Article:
When a player feels strong spatial immersion, they will often lose or lower their awareness of their physical surroundings and/or body. This is a common aspect of all forms of immersion, but it appears likely that it will be stronger for spatial immersion, although further research is needed.

    Lowering a player's physical spatial awareness may have beneficial properties relating to relaxation, recontextualization of traumatic events, virtual holidays, pain/stress relief, etc. There are also potential negative consequences of lowering physical awareness, particularly while moving and/or in public spaces. These risks will in particular be greater for players from groups where existing social problems can be amplified by reduced awareness of their physical environment, such as for women and/or marginalised communities.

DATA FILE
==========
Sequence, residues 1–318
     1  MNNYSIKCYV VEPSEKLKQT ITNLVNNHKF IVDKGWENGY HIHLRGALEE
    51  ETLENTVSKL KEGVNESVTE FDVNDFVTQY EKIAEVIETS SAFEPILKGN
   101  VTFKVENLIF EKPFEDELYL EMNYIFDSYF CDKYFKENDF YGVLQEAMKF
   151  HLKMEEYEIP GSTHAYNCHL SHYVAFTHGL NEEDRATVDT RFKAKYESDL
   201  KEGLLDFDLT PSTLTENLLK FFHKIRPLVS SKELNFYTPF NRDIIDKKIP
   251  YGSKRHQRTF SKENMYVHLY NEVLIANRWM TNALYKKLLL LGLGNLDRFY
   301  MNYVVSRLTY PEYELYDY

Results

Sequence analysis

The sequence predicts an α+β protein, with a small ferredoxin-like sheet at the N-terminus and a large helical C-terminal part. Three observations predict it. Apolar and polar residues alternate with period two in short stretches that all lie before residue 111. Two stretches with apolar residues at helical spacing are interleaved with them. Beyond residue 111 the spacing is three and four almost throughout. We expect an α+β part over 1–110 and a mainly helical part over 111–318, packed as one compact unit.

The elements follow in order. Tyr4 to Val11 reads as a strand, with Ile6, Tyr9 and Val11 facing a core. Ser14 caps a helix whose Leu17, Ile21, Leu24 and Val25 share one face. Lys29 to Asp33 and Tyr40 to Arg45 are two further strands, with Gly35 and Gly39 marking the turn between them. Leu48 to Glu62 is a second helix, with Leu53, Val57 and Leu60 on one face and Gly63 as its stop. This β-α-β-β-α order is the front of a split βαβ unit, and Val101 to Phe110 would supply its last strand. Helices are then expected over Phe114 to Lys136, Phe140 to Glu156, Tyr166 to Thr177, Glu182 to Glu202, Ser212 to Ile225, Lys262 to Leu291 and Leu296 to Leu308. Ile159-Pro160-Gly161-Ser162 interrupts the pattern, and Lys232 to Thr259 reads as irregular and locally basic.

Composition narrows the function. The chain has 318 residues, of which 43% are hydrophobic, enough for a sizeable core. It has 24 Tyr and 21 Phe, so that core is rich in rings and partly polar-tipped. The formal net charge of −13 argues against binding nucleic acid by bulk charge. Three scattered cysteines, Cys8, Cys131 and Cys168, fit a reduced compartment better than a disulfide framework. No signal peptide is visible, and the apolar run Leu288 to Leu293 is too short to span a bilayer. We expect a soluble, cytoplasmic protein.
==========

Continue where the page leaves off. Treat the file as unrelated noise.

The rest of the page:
Spatial immersion also is most likely to stimulate a sense of embodiment in the virtual world, because the player feels like they are transported to that space, but embodiment could also be linked to efficacy in the world, i.e. the player's ability to influence the game's systems to get the result that they desire, which would be more closely related to systems immersion. Research into stimulating a sense of embodiment will likely reveal multiple entwined factors that influence how much a player feels like they are inside a game's virtual world/system and which categories of immersion are most useful for discussing embodiment.